My daughter is amazing. She is smart, bright, beautiful, funny and has an incredible sense of what is right. For an almost-eight year old, she is incredibly mature and, thanks to spending a lot of time with adults and travelling the globe, she has a pretty broad view of the world.
But today, she is sad and my heart is breaking at the reason for her tears.
She wants a brother or sister. Desperately. I am not surprised at her telling me this today; she has mentioned it on numerous occasions. Often as a throw-away comment, other times as a pleading question. Perhaps the way I’ve dealt with it has been too flippant, or I haven’t paid enough attention to just how much she is affected by our family situation. ‘Oh, mummy decided that after you came along she was perfectly happy and didn’t want another baby’ or ‘You have all our attention and love – that’s pretty special, isn’t it?’ or the more truthful, but not really complete ‘It was very hard for mummy to have a healthy baby. I am so lucky to have you’. The underlying story is that my diabetes is a reason that our daughter does not have a sibling.
And to a degree, that is true. But really, diabetes is not the reason that I didn’t have another child. Well, not the only reason. After finally getting pregnant (following fertility treatment and many months of trying) I had a miscarriage. It was the saddest, darkest period in my life. I mourned the loss of the baby I wanted so, so desperately but, at ten weeks, had died. I felt my body was useless – the same body that had taken me so long to get pregnant had not been able to carry a baby. Useless, hopeless and more broken than I could imagine.
My doctors assured me, reassured me and were certain that diabetes was not the reason for my miscarriage. I had achieved an ‘in-target’ A1c prior to conceiving, I monitored my BGL diligently and adjusted insulin accordingly, I ate well, I don’t smoke: I ticked all the ‘having a healthy baby’ boxes. And still something went wrong.
Today, with the benefit of time, I know that this was just ‘one of those things’. But at the time, I had a need to ‘blame’ something or someone. So I blamed diabetes.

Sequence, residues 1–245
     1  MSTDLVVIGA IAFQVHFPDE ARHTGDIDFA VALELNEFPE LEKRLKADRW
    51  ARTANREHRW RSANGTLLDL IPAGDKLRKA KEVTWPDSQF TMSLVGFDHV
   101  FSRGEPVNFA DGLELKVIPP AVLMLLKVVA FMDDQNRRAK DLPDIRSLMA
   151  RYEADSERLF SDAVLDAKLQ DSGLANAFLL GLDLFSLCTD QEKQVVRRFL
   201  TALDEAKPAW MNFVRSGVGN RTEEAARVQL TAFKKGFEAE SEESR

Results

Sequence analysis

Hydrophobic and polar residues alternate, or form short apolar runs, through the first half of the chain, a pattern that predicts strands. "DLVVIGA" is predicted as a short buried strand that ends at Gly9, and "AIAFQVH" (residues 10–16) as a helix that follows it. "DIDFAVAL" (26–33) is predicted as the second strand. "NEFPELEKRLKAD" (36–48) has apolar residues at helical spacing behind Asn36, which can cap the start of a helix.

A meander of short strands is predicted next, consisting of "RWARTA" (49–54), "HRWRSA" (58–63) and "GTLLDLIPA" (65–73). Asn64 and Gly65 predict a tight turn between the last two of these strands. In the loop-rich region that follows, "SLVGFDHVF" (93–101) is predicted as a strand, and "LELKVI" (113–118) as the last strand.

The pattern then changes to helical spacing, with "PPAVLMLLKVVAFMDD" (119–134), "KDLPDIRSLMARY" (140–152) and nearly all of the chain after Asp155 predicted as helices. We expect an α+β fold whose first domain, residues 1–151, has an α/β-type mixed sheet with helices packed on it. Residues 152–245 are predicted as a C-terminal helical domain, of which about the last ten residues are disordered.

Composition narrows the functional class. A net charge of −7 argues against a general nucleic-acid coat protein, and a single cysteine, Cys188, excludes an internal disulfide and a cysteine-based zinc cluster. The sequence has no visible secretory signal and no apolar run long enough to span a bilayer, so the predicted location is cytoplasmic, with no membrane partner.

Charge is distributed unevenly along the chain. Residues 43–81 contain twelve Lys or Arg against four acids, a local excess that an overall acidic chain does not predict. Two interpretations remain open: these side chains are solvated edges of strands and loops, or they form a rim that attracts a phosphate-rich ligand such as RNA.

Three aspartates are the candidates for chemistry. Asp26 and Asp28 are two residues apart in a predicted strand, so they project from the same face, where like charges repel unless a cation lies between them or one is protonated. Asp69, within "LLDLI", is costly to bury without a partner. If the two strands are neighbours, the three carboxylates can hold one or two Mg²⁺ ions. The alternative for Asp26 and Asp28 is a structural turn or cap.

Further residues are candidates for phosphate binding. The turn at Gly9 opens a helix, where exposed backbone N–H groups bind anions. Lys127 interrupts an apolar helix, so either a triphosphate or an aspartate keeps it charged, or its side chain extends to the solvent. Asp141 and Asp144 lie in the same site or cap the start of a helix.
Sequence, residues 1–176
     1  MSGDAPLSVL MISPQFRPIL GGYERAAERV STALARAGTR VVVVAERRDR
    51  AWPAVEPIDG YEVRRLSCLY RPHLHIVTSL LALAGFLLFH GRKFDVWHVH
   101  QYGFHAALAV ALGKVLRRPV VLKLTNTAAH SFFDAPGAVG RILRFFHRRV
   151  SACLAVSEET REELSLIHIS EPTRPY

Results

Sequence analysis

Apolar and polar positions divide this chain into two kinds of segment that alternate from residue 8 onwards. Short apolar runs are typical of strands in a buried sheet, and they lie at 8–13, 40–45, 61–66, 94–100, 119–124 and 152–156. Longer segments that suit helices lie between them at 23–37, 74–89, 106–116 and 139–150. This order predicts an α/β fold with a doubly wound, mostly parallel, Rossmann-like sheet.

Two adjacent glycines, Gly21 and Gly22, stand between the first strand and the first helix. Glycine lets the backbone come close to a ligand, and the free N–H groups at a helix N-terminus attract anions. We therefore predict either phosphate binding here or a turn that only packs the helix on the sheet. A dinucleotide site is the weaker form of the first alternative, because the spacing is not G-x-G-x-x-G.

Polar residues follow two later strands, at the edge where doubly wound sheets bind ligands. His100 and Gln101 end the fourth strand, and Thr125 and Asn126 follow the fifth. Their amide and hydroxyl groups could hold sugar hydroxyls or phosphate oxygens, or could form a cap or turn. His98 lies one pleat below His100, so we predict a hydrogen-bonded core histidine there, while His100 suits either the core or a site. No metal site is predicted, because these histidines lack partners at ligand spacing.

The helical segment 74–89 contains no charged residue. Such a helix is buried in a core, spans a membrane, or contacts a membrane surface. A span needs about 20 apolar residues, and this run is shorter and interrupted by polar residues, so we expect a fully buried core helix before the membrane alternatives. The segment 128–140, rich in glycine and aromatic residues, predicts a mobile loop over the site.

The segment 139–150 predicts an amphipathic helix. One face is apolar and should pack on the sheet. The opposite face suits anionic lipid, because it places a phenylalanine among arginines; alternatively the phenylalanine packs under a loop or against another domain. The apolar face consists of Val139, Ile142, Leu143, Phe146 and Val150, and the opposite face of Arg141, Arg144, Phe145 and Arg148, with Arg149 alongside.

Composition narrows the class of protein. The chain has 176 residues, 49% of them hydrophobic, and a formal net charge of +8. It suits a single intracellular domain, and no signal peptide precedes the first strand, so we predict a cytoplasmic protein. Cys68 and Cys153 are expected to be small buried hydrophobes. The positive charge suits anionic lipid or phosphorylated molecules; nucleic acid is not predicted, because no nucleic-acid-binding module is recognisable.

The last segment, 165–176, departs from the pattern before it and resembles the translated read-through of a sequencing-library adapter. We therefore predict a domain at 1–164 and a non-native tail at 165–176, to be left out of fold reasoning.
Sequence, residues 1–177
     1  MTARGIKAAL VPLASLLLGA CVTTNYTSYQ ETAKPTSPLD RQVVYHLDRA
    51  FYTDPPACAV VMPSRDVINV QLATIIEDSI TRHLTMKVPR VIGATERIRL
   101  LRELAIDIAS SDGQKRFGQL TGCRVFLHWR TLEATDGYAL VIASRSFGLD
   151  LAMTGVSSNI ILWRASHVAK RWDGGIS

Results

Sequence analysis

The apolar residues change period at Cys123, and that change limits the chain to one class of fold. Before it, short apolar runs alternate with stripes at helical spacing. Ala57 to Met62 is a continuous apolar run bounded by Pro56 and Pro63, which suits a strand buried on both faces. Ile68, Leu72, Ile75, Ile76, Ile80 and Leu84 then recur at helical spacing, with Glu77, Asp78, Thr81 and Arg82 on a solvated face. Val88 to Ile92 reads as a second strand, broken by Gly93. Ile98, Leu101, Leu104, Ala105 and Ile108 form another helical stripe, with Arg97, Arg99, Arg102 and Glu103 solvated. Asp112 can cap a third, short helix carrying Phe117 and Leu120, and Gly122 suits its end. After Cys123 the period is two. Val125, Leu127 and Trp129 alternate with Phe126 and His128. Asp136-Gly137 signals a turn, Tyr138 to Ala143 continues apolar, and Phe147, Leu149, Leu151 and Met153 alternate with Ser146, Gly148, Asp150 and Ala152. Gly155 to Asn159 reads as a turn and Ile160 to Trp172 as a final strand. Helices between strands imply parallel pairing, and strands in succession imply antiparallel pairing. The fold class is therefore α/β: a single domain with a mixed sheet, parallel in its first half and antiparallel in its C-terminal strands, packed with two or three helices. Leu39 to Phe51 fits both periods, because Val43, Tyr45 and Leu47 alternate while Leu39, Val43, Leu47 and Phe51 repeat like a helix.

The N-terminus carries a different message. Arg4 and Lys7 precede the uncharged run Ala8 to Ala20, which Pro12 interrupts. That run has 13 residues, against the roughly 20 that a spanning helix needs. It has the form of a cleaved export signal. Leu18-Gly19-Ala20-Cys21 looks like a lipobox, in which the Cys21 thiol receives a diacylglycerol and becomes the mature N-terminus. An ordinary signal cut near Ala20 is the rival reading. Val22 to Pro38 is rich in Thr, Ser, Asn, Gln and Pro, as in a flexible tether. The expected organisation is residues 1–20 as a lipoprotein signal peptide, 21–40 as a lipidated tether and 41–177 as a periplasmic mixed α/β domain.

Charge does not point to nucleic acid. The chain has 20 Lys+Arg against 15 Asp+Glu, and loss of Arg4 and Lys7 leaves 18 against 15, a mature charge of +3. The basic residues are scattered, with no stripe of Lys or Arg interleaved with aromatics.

And I made a deal – not sure with who; maybe myself. But I decided that one healthy baby was all that I would ask for. Once I was able to conceive, grow and deliver a healthy baby I would not ask for anything further; not be greedy; not push my luck.
It took another eight months for me to get pregnant and I spent the next 38 weeks waiting for something to go wrong. The fact that I delivered a healthy, wonderful, beautiful baby girl was nothing short of a miracle to me. It still is.
When our daughter was almost two, my sister-in-law had her second child and suddenly, I had a nephew. He was (he is) beautiful and I dared to think about having another baby. I once again did all the ‘right things’ – saw my ob/gyn, had all the pre-pregnancy tests done, made sure my A1c was under 6.5%. Tick, tick, tick. And then, first month of trying, I got pregnant. My husband and I could not believe our luck. We were having another baby. For a few weeks we planned, decided to renovate our house, wondered how we would love another child as much as the one we had, dreamed of what this one would look like.
But then I miscarried again. I was sad – I went home after the D&C and hugged my daughter closely to me – but certainly not as bereft as after the first miscarriage. I once again felt that my body was broken and that I was not accepting its limitations. And I remembered the bargain I’d made. At that point, I knew that I would not try again and that I would be forever happy with our family of three.
By choice or by fate? Sometimes I feel that having only one child was not something I decided to do. My body has limitations and diabetes is one of them. Is it the reason that I have only one child? Probably not the only reason; but certainly, definitely, absolutely one of them.
So today, I explained this to my daughter. I spoke about the miscarriages in a way an almost-eight year old could understand; I told her how much her daddy and I wanted her; I explained that our family is perfect for us; I explained that she is loved . She took it in, thought about it and looked at me through teary eyes. ‘I really want a baby brother or sister,’ she said to me. ‘But more than that, I wish you didn’t have diabetes.’
My daughter is amazing.